George Wolsey Records of the Reformed Dutch Church in New Amsterdam and New York “They throw a flood of light upon the genealogical and social history of New Amsterdam and New York” Marriages Trouw - Bouck Oft Register der PERSONEN die Hieringeschzoovon,ou Hier, oft Buyton defe Stadt New ~ Yorke Getrouwt zyn. Van den ll Oct. 1639 . totten 15 May 1652 Ad 1639. den 21 Occturb. Ao 1643 den 1 Sep Thomas Willet, j. m. Van Bristol in Engelt en Sara Cornell, j.d. Van Essex in Engelt. p. 14 [580] Ao 1647 den 3 dicto. (Nov) Carel Ver Brugge, j. m. Van Cantelberg, en Sara Cornelis, Wede Van Thomas Welert. den 9 Decemb. Jarge Woltzen, j. m. Van Jarmuijden, en Rebecca Cornel, j. d. Uijt oudt Engelandt. [Above are the marriages of the two sisters Sarah and Rebecca Cornel] Translation 1 Sep 1643 Thomas Willet, young man from Bristol in England and Sara Cornell, young girl or maiden from Essex in England. 3 Nov. [1647] Charles Bridges, young man from Canterbury, and Sara Cornel, widow of Thomas Willett. 9 Dec [1647] George Wolsey, young man from Yarmouth, and Rebecca Cornel, young woman of old England. RECORDS Baptisms from 25 Dec 1639 to 27 December 1730 “The rite of baptism is as old as the Christian religion. Being a custom and not, like marriage, a contract; being founded on moral aspiration and religious belief, and not on civil polity, the universality of it among our immigrant Holland ancestors bears striking testimony to their deep-rooted piety and earnest faith in God.” [The ministers during this period of time were: Everardus Bogardus, b. , d. 1647, served from 1633 - 1647. Johannes Backerus, b. , d. , served from 1647 - 1649 Joannes Megapolensis, b. 1603, d. 1670, served from 1649 - 1670 DOOP ~ BOECK. [Baptisms Book] [page, date] [ouders (parents)] [Kinders, (children) [Getuygen (sponsors, witnesses)] p. 27 [277] Ao 1650 den 7 Aug Joris Wolsij Sara Breyne Nuijting, Sara Van Brugge, Susanna Breser. p. 32 [283] Ao 1652 13 dict (Oct) Joris Wolsij Joris Carel Verbrugge in sijn huvs vr. Rebecca Hendrick, en Elsje Nuton p. 52 [306] Ao 1659 den 4 Apr Tjaerts Wolsij Rebecca Carel Verbrugge, Rebecca Cornel p. 59 [313] Ao 1661 den 16 dicto (Jan) Joris Wolsij Johannes Thomas Hall p. 72 [326] Ao 1663 den 19 dicto (Mart) Joris Wolsij Marritie Carel Van Brugge, Maritie Jacobs Rebecca Varrivanger The Dutch “y” is little “i”, little “j” or “ij”. Now to us it looks like it should be pronounced “ij” but that is the Dutch “y” and is pronounced “e”. Thus Wolsij would be pronounced Wolsey. The J in Joris is not sounded as in English, so Joris would be pronounced “Youris.” So Joris Wolsij would be pronounced as “Youris Volsee”. “Tjaerts” is a dialect or local pronunciation, as “Yertz” so it is pronounced “Yertz Volsee”. It is more of a nick-name or a term of endearment, as we would say John, then “ Johnny.” God Parents and Witnesses p. 24 [271] Ao 1648 den 26 Apr Hendrick Bresart Rebecca Joris Wolsie, Jan Dalij, Jonas Nuijting, Rebecca Wolsie p. 34 [285] Ao 1653 den 20 d. (Apr) Rendel Huwits _______ Thomas Hall, Joris Wolsij, Elsje Nuton, Britje Baxster p. 65 [319] Ao 1662 Eodem. (2 Jul) Richard Cornell Elisabeth Georgie Wolsij, Sara Bridge A. Now there are three baptisms that must be accounted for: 1. Thomas Woolsey He is definitely mentioned in his fatherìs will. He has a definite date of birth (or baptism) but Wilford has not yet found his baptism date. 2. Mary Woolsey It appears as though there is another baptism for a Mary Woolsey, daughter of George and Rebecca, but at a later time. We will discuss this later. 3. William Woolsey There definitely is a William Woolsey, baptized at the same time as Mary Woolsey, above. These two will be discussed at the same time, later. B. At the same time, we will be discussing the interesting little document that the sheriff of Jamaica was required to submit in 1686, concerning various happenings in his district for the past seven years from 1679 to 1686. We will discuss this later.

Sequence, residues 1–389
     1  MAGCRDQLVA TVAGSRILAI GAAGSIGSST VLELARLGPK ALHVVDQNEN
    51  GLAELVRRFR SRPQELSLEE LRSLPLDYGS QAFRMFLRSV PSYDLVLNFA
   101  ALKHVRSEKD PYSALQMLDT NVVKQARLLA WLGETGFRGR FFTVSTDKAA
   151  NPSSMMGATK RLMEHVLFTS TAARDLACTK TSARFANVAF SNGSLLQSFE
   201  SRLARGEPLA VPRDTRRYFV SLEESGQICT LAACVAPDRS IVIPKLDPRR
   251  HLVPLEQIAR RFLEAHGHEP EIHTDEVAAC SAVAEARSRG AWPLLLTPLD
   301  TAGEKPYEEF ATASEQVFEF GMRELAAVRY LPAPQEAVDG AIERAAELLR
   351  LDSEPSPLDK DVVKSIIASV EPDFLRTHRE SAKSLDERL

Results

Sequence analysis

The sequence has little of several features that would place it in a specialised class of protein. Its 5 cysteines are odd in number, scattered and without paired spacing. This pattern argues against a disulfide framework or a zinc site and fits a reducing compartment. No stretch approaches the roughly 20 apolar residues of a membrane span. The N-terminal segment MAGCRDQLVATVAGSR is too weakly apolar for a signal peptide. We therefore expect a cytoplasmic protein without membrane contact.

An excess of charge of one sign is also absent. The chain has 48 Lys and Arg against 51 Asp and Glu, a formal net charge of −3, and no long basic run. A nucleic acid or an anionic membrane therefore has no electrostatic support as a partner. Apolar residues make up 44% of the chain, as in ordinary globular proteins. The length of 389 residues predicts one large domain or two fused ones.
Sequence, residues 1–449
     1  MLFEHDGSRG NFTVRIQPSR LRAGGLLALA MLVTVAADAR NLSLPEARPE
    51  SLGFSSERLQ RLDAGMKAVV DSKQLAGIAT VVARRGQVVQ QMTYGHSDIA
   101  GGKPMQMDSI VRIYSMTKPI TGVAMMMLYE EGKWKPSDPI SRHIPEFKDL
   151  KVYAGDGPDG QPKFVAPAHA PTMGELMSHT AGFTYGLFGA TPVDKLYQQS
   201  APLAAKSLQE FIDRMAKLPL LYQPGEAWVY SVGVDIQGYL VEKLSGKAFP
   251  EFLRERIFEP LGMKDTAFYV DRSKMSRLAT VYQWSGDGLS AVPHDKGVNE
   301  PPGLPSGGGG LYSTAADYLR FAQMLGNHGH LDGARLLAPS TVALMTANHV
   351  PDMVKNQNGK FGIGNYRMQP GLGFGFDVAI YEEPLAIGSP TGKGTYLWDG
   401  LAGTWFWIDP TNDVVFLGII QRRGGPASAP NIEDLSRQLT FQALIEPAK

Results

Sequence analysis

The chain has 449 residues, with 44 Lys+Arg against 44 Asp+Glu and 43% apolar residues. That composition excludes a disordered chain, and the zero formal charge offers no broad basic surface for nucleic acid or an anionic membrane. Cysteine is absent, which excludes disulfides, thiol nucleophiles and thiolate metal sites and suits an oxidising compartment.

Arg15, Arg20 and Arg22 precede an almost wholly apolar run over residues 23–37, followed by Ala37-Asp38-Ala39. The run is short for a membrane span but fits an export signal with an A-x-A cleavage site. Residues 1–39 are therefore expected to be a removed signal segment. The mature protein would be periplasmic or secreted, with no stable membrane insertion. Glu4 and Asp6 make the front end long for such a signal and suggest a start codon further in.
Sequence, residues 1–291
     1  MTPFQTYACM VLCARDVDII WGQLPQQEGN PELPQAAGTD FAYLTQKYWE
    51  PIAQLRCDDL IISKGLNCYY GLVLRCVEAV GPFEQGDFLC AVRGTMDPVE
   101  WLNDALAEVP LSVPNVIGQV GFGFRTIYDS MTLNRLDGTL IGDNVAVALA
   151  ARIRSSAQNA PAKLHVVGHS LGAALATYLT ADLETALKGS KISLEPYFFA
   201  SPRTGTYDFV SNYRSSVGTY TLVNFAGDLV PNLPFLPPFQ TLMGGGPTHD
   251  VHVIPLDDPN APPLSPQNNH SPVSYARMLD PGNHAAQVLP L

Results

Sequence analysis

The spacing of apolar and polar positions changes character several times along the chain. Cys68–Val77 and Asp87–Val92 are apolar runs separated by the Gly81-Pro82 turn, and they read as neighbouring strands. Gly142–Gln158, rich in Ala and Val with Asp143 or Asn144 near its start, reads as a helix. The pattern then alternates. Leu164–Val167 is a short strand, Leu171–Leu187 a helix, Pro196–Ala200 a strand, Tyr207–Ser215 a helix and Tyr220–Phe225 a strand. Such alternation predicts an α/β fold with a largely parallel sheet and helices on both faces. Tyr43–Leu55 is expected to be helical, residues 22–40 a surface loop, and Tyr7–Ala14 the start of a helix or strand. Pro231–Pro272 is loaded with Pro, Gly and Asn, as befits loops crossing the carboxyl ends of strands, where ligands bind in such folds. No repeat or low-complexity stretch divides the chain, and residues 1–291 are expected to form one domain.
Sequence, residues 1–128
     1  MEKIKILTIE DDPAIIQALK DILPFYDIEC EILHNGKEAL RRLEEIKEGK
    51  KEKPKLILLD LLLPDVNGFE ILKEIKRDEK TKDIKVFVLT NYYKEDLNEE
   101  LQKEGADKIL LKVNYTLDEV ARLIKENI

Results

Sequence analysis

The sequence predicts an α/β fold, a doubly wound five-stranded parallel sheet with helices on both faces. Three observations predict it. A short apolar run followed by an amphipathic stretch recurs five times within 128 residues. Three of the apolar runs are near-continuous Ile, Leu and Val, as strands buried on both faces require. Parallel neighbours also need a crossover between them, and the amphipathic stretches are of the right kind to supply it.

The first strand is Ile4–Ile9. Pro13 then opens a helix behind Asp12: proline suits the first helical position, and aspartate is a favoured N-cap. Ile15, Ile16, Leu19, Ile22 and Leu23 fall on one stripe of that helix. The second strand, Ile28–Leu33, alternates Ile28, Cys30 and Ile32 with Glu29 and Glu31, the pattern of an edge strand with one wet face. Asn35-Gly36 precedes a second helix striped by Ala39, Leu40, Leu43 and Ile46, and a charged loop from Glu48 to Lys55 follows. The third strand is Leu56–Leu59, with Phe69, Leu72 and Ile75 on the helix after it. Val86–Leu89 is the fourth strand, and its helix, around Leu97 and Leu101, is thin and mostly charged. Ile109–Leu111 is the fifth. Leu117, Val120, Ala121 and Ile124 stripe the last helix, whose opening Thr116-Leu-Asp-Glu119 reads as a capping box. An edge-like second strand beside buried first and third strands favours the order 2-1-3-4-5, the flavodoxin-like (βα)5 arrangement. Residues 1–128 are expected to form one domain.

Baptisms in New Amsterdam